Commentary

Appy Holidays! New Tablets Are Upon Us

Apple, Nokia and Microsoft are each poised to unveil tablets tomorrow that they hope will make it under the boughs of a lot of evergreens this holiday season. Amazon, Google and Samsung recently released their own versions of the devices, points out the New York Times’ Brian X. Chen, and Reticle Research analyst Ross Rubin tells him that “each manufacturer had developed slightly different approaches….” 

But overall, the result is that we are becoming a tablet nation — indeed, world — with the trend toward smaller and cheaper and Android. “Apple continues to be the standard to beat,” but both Rubin and a new Gartner study predict that Android devices will be taking an increasing share of the pie in coming years.

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“‘Getting on an airplane, it’s amazing the number of iPads that you now see that used to be either notebooks or portable DVD players,’ along with smaller tablets and e-book readers that are replacing books and magazines,” Rubin tells Chen.

“The tablet category is continuing to eat the PC’s lunch, albeit it’s a large lunch so the feast is taking a while,” writes TechCrunch’s Natasha Lomas in reporting that Gartner expects tablet shipments to grow 42.7% this year to 184 million units worldwide with PCs expected to slip 11.2%. 

“A recent consumer study that Gartner conducted in Brazil, China, France, Germany, Italy, the U.K., the U.S. and Japan confirmed Gartner's long-standing assumption that smaller is better when it comes to consumer tablets,” according to a Gartner release about its new report, “Forecast: Devices by Operating System and User Type, Worldwide, 2010-2017, 3Q13 Update.” 

In the short term, and “continuing on the trend we saw last year, we expect this holiday season to be all about smaller tablets as even the long-term holiday favorite — the smartphone — loses its appeal,” says Gartner research VP Carolina Milanesi.

The report also indicates that the “ultramobile category — aka lightweight laptops and portables running a full desktop OS such as Microsoft’s Surface Pro tablet” that target users who need their devices for both work and play — “is offsetting the traditional PC decline somewhat.”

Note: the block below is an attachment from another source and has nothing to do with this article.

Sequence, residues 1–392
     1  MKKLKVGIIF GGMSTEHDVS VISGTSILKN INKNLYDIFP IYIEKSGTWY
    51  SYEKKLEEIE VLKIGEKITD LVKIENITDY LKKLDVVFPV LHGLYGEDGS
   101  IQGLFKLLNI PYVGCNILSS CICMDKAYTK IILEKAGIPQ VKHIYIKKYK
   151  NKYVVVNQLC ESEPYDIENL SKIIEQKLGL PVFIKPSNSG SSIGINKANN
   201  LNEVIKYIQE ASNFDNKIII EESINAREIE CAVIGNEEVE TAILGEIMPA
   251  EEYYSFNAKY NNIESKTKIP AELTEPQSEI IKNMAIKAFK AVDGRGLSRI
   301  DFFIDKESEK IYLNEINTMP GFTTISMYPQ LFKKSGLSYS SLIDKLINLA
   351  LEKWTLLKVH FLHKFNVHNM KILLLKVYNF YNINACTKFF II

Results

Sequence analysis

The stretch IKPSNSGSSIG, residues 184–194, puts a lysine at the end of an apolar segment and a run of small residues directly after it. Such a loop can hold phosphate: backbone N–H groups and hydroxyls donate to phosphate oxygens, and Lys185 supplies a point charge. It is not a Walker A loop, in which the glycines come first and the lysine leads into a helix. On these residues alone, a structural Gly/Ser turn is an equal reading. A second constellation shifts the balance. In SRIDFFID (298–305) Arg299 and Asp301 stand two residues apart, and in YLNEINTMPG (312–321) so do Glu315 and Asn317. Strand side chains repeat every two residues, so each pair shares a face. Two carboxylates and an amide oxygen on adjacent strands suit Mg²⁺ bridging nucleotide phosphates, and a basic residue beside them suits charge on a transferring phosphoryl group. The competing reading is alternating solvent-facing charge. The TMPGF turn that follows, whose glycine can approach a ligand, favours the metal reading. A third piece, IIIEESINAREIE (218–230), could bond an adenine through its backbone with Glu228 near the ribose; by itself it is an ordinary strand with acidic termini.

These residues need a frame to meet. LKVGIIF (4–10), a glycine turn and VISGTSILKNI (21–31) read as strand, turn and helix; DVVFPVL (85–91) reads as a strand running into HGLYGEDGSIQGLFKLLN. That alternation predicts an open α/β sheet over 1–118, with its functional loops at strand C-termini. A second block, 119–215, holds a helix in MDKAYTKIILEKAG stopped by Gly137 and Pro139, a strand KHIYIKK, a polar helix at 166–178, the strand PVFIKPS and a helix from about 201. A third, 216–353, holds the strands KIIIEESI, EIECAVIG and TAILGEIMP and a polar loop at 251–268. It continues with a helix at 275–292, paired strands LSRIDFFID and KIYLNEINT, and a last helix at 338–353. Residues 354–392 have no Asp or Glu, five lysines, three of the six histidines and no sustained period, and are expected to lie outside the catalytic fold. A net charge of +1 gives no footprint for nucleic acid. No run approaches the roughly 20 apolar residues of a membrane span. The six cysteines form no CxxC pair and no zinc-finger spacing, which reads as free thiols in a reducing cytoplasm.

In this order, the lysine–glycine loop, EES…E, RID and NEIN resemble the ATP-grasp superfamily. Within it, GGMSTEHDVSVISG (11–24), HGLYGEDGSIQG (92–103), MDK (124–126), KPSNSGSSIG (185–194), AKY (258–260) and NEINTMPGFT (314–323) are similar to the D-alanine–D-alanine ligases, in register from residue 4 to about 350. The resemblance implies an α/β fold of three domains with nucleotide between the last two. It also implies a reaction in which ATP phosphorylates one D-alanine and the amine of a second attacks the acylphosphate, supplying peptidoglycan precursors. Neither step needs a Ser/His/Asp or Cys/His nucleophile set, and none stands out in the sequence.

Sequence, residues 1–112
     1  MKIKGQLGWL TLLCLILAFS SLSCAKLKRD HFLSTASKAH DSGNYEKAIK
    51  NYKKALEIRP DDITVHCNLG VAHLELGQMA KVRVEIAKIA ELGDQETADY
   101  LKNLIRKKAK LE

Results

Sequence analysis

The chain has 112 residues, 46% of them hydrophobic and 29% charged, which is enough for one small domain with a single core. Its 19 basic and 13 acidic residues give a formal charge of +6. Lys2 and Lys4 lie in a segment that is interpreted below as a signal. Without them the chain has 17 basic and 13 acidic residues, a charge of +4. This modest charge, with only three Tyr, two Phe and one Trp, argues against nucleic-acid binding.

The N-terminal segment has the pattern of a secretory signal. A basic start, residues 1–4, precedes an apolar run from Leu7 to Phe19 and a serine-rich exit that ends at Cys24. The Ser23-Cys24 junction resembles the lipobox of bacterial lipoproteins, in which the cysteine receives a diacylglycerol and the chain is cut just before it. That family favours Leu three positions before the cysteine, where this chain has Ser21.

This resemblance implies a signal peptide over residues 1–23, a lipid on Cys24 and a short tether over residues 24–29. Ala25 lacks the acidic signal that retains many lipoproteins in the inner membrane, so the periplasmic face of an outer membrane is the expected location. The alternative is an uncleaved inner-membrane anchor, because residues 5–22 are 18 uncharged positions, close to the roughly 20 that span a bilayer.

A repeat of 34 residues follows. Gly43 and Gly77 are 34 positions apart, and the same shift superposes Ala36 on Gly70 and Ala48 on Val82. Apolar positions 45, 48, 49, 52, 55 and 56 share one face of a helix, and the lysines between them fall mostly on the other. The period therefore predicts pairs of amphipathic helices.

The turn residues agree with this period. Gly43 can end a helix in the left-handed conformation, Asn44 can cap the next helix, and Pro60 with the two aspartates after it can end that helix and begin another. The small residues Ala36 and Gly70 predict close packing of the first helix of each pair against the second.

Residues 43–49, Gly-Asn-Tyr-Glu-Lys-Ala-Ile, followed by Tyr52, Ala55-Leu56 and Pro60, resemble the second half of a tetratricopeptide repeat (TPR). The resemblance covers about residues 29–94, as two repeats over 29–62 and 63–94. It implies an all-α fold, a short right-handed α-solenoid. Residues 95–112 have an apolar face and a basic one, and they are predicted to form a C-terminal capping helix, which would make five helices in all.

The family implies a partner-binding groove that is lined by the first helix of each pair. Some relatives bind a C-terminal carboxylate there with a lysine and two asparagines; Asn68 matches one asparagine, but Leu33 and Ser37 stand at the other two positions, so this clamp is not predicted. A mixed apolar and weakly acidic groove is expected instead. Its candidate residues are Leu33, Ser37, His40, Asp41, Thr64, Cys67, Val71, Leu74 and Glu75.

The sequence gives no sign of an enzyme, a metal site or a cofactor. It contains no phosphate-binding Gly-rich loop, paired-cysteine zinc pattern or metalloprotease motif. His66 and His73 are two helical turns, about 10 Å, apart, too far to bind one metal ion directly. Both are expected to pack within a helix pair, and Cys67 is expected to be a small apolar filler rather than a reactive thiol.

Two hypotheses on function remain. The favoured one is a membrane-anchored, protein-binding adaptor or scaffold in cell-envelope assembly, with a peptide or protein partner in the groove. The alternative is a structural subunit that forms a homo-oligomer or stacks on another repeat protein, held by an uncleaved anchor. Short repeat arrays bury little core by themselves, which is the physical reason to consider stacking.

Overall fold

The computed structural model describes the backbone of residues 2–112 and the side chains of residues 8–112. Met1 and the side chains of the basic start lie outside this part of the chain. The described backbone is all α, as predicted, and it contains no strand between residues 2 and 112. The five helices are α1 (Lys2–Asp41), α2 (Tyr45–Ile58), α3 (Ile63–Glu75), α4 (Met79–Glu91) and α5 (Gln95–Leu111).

After the runaway success of its smaller-screen (7.9 inch) iPad Mini during the last year — a form factor sainted founder Steve Jobs once predicted would be “DOA, dead on arrival” — “Apple is now readying a revamped iPad Mini with a high-resolution “retina” display,” Daisuke Wakabayashi, Ian Sherr and others disclose in the Wall Street Journal. “It’s also working on a thinner, lighter version of its standard 9.7-inch iPad, using a thin film instead of the glass found in existing models, based on information from the company’s parts suppliers.”

It should not surprise you to learn that Apple has not commented on the report in advance of the media event tomorrow.

Microsoft will also formally introduce new tablets — the Surface 2 and the Surface Pro — tomorrow. Advance reviews seem to mix strong appreciation for the technology with a sense of apprehension over its prospects to find a customer base. The hed on Lance Ulanoff’s  review on Mashable calls it “the tablet world’s powerful, odd duckling.” He concludes: “If you love Microsoft, Windows and, especially all things Windows 8, this is your ultimate do-everything tablet.” Otherwise, in short, it’s not. 

“While the Surface 2 and Surface Pro 2 may excel in productivity, they don’t have the style and fun of their competitors,” according to an AP review in the Washington Post.

Nokia, meanwhile, is set to launch a phablet that Engadget calls “an oversized Windows phone” based on a product page it spied for the “fabled Lumia 1520” on a Chinese online store. It is also “rumored to be working on a 10.1-inch full HD tablet called Lumia 2520, expected to run the Windows RT OS,”   Victoria Woollaston reports in the Daily Mail.

If the tablet/phablet market all seems like one big, confusing, mishmash of features, benefits and prices, well … it is. But The Guardian’s Samuel Gibbs has concisely sorted out which device is best suited to which function a consumer prefers — as well as what level he or she is at. Amazon's Kindle Fire, with real-person video support, is perfect for beginners, for example, while the Nexus 10 is built by Google and, therefore, “well integrated with Android” and best for techies. The iPad Mini is the clear choice for the app-obsessed. 

And they are all good options for the advertising industry and the media it supports.

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